Brooks uses force plate technology to capture data on how a foot moves when contacting the ground.
Tim Newcomb
By Tim Newcomb
October 14, 2014

SEATTLE -- The Burke-Gilman Trail, which runs for nearly 20 miles in and around Seattle, joins city streets at just one point, exactly where Brooks Running built its eco-friendly new headquarters and state-of-the-art research lab.

The move, in August, from suburban Bothell to Seattle’s Fremont district put Brooks at the center of Seattle’s running culture, allowing the 100-year-old company a literal connection to the city’s longest trail and space to open its first showcase retail store.

That centerpiece store takes up the ground floor of the targeted LEED Platinum five-story building. The retail space is designed to be adaptable, providing space for selling performance running merchandise, showing off the new heritage line of shoes to celebrate the company’s anniversary or hosting community events or presentations.

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Yes, Brooks has retail, a third floor that houses marketing teams, a top floor for corporate offices—plus a cool cafeteria with a view across Lake Union of the Space Needle—and even a rooftop deck that hosts yoga. But the even-numbered floors provide the most pizzazz.

On the fourth floor you’ll find footwear and apparel, tucked closely together alongside a materials library, where operations personnel can whip together examples for designers and teams can collaborate on projects. But all that creativity doesn’t happen without the benefit of science, which is where Brooks’ new 4,432-square-foot research laboratory, dubbed NEXT Lab and housed on the building’s second floor, comes into play.

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“We designed it for the future,” Brooks senior biomechanical engineer Eric Rohr tells Edge.

Within NEXT, expect to find machines testing products and technology testing athletes. Sometimes those two activities merge.

Two instrumental treadmills provide stats aplenty, with eight infrared cameras picking up data from sensors attached to the runner and to the athlete’s shoes. Everything from exact toe movements to changes in stride over the duration of a run is tracked in real time.

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“We can understand how a runner moves and how force travels in the body, from the speed of the ankle to the toe-off,” Rohr says. “There are tons of parameters. It gives us a holistic perspective.”

Brooks also uses force plate technology to capture pinpoint data on how a foot—and shoe—moves when contacting the ground. The company’s researchers can also place different surfaces over the force plate, testing everything from trail shoes to track spikes. As Brooks continues to expand, says Pete Humphrey, vice president of research and development, the lab will add more force plates.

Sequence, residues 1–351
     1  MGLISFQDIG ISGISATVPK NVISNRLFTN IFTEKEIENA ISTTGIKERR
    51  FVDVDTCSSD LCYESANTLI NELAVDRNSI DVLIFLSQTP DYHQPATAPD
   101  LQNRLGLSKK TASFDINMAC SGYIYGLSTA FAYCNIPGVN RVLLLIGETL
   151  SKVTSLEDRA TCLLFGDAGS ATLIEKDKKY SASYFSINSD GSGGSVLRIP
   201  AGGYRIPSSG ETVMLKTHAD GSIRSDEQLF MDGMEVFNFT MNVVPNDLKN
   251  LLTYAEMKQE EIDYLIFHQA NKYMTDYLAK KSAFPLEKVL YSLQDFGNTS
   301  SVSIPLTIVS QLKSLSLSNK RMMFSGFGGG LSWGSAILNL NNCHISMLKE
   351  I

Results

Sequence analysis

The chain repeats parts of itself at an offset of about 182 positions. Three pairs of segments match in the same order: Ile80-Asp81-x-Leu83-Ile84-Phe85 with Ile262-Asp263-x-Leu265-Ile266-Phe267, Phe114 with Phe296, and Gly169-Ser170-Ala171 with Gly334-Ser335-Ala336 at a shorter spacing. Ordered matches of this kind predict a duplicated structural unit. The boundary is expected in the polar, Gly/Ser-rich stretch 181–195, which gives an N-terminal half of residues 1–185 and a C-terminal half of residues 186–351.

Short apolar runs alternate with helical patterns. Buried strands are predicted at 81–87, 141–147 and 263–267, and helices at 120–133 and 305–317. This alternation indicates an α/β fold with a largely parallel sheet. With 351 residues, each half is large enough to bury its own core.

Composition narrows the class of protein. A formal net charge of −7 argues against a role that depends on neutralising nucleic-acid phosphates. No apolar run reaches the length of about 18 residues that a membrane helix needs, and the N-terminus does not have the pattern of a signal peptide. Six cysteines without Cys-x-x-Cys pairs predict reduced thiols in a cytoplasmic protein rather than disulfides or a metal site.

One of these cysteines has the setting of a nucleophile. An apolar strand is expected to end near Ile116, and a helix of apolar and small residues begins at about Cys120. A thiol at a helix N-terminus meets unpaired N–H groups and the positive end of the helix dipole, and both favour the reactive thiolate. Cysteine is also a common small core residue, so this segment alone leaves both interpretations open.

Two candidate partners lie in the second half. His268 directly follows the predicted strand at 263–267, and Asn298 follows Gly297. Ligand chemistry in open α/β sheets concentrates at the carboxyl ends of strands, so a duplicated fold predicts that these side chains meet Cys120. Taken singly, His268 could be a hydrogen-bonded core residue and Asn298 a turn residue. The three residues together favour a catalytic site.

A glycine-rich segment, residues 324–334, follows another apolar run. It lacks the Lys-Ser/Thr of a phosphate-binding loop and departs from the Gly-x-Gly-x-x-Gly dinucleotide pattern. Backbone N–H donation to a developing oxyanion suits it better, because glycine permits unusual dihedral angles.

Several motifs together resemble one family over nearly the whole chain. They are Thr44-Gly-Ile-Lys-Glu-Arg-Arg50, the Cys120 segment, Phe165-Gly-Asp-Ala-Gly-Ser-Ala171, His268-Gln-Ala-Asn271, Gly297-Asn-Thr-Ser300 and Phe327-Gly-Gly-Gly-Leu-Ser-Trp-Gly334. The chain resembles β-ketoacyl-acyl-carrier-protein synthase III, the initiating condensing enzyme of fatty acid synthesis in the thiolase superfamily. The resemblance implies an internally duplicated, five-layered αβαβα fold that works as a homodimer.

The technology expands from there with 3-D cameras allowing the staff to understand body motion from any angle, high-speed cameras to slow that movement down and thermal cameras to explore the ability of apparel to regulate temperatures.

“By keeping the room open, we can adapt and understand different types of movements,” Rohr says.

With a third data-collection bay still open, the research team, which also includes biomechanist Stacy Steffen, plans to add an environmental chamber.

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A 3-D printer and the ability to manipulate materials on site speeds up the testing process while researchers explore new ideas. With the mechanical and biomechanical areas joined together, the team’s “insight area,” a place to brainstorm ideas, allows art to also infuse the space. “We integrate the whole system,” Rohr says.

The system begins with an understanding of the runner, all grounded in a fundamental understanding of biomechanics. By combining the needs of runners with what Brooks knows about biomechanics, the research team works with designers on the fourth floor to create new products—or adaptions to what they already have—that can offer a “better, faster, safer run.”

For example, instead of producing shoes intended to correct a runner’s form, Brooks has created Stride Signature, a focus on identifying the highly individual characteristic of each runner’s stride. The Brooks researchers want to work with the natural motion and paths of a runner’s joints to find each person’s “preferred path” of running, keeping them comfortable while on the road or trail.

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Using data gleaned in the NEXT Lab, Brooks designs with the exact type of foam, rubber and pattern for a person’s individual “pathway.” Pressure mapping determines where to place harder midsole foam that provides 25 percent more cushioning, while biomechanical testing helps decide where to locate “guide rails” that offer “technology that engages the runner only when they need it.” In the end, every small iteration of the Brooks Running line comes through the research carried out in the lab.

“We build product for experiences,” Rohr says. Clearly, Brooks is determined to find the NEXT best thing.

Tim Newcomb covers stadiums, design and gear for Sports Illustrated. Follow him on Twitter at @tdnewcomb.

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